Simple business process level: people who have been in a business world. Freddie Mac--buys mortgages from lenders and issues securities. Regional staff would sign contracts. Years later it would turn out that Freddie Mac was supposed to receive a lot of money, but only the regional staff knew. Ordinary business fixes this or the company goes out of business. Felt by company though not the customers; if customers feel it, they go somewhere else. In health care, a business consultant would suggest all kinds of reorganizations, process changes, etc. that would produce better outcomes. Why doesn't this happen? This problem is relatively new. Patients are older and there are more often multiple causes. [Podcast taped June 18, Tim Russert passed away from a heart attack a few days ago.] Diabetes; chronic illness; more things people expect to be treated for--child doesn't sit still at school. Lone wolf or specialized doctor, though, hasn't changed. Need for more team-oriented approach with patient at center. Skyscraper has architect and project manager. That role is missing in health care. Could just be it's really hard. Making a car is a complex process; it's become a more team experience with a goal of preventing defects. Washington U., St. Louis, excellent, research hospital, Chuck Knight, head of Emerson, emergent not top-down corporate culture. Why is it that when you walk into a hospital today as an elderly person you don't get an advocate--a shepherd? Family member plays that role but is emotional and doesn't know the hospital structure. Maybe it's not productive or too expensive, patients won't pay for it. Tradition is that a doctor should be in charge. Would be very resource costly. Who pays for it? Hospital administration consists of people making sure the hospital gets paid: Medicare or private insurance. Customer is Medicare or the customer. Medicare, Washington, DC, has other goals, doesn't think. Pay for performance: define what's a good outcome and good procedures and reward hospitals and doctors for doing that. Reporting problem. Father's death certificate lists esophageal cancer. But he probably died of infections. Hospital didn't want to get dinged. Reports get manipulated when you try to manage from a long distance.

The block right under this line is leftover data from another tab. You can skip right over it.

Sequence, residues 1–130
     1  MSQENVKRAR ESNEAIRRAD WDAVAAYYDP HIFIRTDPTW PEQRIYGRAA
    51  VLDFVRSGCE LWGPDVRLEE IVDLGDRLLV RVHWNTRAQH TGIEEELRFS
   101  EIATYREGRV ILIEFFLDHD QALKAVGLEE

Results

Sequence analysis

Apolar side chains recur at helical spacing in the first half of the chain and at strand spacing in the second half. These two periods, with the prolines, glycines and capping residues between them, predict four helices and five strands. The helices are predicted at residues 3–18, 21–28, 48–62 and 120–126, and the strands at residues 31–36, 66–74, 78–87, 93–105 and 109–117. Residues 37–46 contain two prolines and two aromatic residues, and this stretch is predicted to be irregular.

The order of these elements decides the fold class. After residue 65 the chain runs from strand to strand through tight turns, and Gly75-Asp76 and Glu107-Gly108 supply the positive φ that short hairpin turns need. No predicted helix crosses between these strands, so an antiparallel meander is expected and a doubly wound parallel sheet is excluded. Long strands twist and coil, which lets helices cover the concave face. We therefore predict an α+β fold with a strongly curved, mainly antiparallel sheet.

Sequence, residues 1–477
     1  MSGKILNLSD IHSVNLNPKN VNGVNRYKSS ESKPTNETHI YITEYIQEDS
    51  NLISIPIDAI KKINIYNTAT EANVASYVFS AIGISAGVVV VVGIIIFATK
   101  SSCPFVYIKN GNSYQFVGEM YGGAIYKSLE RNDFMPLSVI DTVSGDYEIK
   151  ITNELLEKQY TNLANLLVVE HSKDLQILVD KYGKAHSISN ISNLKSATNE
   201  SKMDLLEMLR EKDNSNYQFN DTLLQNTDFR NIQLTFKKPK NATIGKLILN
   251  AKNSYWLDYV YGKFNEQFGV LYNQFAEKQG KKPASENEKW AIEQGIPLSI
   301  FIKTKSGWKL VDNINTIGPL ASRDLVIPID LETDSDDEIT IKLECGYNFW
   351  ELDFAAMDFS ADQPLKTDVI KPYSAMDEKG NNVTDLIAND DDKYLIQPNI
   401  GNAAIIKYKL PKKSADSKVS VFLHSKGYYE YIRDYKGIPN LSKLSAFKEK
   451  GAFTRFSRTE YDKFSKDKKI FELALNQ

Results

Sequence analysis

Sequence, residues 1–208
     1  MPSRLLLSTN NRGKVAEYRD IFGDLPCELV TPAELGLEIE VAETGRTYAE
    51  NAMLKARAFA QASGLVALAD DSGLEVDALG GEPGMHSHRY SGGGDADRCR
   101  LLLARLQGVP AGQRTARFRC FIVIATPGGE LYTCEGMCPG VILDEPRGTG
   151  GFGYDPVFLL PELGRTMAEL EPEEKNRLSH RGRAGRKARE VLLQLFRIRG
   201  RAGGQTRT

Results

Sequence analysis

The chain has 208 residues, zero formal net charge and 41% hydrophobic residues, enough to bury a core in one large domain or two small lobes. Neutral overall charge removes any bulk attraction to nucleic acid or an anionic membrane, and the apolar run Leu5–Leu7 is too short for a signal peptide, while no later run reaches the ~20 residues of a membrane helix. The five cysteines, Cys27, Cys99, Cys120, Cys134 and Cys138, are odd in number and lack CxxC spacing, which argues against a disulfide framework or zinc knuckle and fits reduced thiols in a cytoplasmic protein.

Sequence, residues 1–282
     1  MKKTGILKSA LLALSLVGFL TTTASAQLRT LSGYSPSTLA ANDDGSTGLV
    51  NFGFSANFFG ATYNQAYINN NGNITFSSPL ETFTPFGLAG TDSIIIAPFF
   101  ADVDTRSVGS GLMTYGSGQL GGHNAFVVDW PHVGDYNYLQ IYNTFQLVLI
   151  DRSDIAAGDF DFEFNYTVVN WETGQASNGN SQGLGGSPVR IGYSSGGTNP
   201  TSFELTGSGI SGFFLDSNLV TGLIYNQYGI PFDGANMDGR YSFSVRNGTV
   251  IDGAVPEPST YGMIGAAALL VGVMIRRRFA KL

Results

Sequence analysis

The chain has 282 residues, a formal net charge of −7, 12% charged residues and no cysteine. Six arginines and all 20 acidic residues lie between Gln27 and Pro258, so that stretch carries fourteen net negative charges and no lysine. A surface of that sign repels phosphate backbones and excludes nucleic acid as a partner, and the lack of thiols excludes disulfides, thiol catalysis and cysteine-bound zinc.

Political and economic interface: moral quandary. Want people to be taken care of but the political process, either via the electorate or by special interests, we've moved into an imperfect system. How do you get from there to, say, a second-best, more effective solution? Basic moral quandary of health care: we instinctively want it to be free but we understand that the providers need to be paid. Moral repugnance to charging someone money if he is in distress. Usury laws developed from this. Set up a layer of insulation. In industrialized world, health care spending paid for by other parties. Here about 40% government. Patient is not the customer for that portion. Goal: remove some of that insulation. Lasik surgery, typically not covered by insurance or welfare programs; Lasik has gotten cheaper and better, profit motive, self-paid, advertising. Doesn't seem to be a powerful model that people have noticed has worked. Also: doctors are kings in the current system; main focus politically is to make sure they get paid. One excuse people give for health care being different is that it is complex. Computers are also complex; there are devices that work--competition, brand names, review articles. Could work in health care but we don't use them, not paying for it. Neat to see how resistant people are to the notion of paying for health care. A lot of the health care services we buy, such as Lasik or colonoscopy screening, are not in moments of distress. Elective. Even in distress you have more choices about how it can be dealt with. Temptation to say health care demand curve is vertical. People put off colonoscopy screenings because they are unpleasant; turned out for Russ to not be so horrible, took pills not liquid. Is it imaginable to get to a different world? Bootlegger and Baptist problem. A lot of general propaganda saying that good health insurance covers more. Economist would say it should cover less, just catastrophic insurance.